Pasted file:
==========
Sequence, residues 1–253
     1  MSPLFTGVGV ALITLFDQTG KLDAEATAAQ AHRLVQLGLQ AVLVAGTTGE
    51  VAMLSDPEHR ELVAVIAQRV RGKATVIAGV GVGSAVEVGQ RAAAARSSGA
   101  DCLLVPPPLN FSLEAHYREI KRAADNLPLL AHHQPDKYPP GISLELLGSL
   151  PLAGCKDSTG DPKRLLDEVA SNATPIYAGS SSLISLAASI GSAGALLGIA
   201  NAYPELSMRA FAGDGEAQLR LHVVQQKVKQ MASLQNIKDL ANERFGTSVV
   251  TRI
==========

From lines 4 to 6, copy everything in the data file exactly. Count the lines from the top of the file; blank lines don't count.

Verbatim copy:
   101  DCLLVPPPLN FSLEAHYREI KRAADNLPLL AHHQPDKYPP GISLELLGSL
   151  PLAGCKDSTG DPKRLLDEVA SNATPIYAGS SSLISLAASI GSAGALLGIA
   201  NAYPELSMRA FAGDGEAQLR LHVVQQKVKQ MASLQNIKDL ANERFGTSVV